Nice DVD, but real story?
Jim Werngren | 11/11/2005
(3 out of 5 stars)
"Sure it is a nice documentary of the disco era.
However I think it could have been made better.
For example it was a little irritating with all the effort to explore the pre-disco period, trying to find the so called roots which in my opinion not necessary are the true roots.
Furthermore they talk about the funk music in paralell which makes the documentary lost its focus a bit.
Gloria, who is one of my favorites, more or less read things we knew directly from a manuscript it seems. It would have been more interesting to hear more about her own interpretation of her disco life back then. I know she did TV-shows with other disco stars like Karen Young and even Ethel Merman, why not talk about that?
Also the short original clips from the 70s were interupped in a suboptimal way with not so "giving" comments. I think Randy from Village People gave the right spice in his reflections of his disco period.
The story went on to quickly, I think many disco-significant things were forgotten, for example there was not a word about how expesnive these productions were. Generally every disco track was fully orchestrated with live musicians, sometimes up to forty people! This was the true quality of disco! But in this DVD they focus a little bit too long on that "I feel love" with Donna Summer was totally synthetic and computerized.
I think the cost was a part of the explanation that disco died, or replaced by something else which was not disco anymore.
But I admit that this DVD also has it's quality, particularly the clips from the 70s!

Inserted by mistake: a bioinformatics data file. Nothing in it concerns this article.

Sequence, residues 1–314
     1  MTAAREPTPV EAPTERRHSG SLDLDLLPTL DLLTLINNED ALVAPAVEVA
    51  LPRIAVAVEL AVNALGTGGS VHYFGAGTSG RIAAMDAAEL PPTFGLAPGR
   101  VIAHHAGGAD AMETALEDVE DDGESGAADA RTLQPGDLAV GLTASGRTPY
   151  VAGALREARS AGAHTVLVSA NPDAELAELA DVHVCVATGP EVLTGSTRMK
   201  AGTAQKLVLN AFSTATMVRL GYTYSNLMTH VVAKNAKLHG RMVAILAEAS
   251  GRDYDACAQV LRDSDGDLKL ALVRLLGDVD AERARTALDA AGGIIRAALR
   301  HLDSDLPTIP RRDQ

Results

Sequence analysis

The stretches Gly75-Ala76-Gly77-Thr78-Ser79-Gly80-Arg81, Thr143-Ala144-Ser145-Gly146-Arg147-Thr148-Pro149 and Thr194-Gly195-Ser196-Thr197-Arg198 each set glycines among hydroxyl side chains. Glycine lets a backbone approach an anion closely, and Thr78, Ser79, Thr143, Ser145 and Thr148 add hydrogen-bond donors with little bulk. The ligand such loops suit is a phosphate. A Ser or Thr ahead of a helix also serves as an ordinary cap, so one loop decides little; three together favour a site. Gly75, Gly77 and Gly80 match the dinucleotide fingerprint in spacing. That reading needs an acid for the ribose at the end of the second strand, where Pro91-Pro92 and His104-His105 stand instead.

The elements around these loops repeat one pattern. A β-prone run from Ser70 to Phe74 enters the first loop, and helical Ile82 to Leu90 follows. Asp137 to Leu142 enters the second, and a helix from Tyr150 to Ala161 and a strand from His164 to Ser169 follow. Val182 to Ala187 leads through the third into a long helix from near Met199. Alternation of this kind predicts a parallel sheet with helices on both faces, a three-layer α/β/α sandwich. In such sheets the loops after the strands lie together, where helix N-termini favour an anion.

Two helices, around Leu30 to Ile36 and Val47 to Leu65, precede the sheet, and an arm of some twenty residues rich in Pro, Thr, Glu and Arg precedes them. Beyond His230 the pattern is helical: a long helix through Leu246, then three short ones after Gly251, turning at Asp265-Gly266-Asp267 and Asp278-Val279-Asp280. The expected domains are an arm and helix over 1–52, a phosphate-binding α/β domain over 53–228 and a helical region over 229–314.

Simon Lee Bon | Brooklyn | 06/23/2005
(5 out of 5 stars)
"This was a fascinating program with a lot of great interviews. The music was entertaining but it also was used to illustrate the points made by the narrator (Gloria Gaynor who looked great) and those interviewed. Very insightful look at disco music without falling into the trap of being stereotypical. I am biased because I lived Disco in the 70's and it brought back a lot of memories, but this is so much better than anything else on the subject. A great addition to any DVD library."
Not a very entertaining documentary about something that is
Get What We Give | Georgia | 05/24/2007
(2 out of 5 stars)
"The problem with this documentary isn't that they haven't researched it. Nor is it that they don't have a bevy of people talking about it and how disco changed so much. They have empirical evidence of its roots too. In fact, by and large there is a huge amount of information here. The problem is that it's just not very entertaining. The advertising for this documentary would have us believe that we are going to see performances by a multitude of performers, when in fact, what we see are snippets of performances. Do we really want to see all of the performances that are identified....no, but there is so much time spent on the roots of disco that the actual disco portion is far from thorough.
The DVD extras should have many "videos" (there were none back then, but there were performances from shows they could show), but we only are offered two.
My teen aged son really liked disco until I sat him down to watch this DVD. He was clamboring to leave the room within fifteen minutes. Truth be told, so was I...."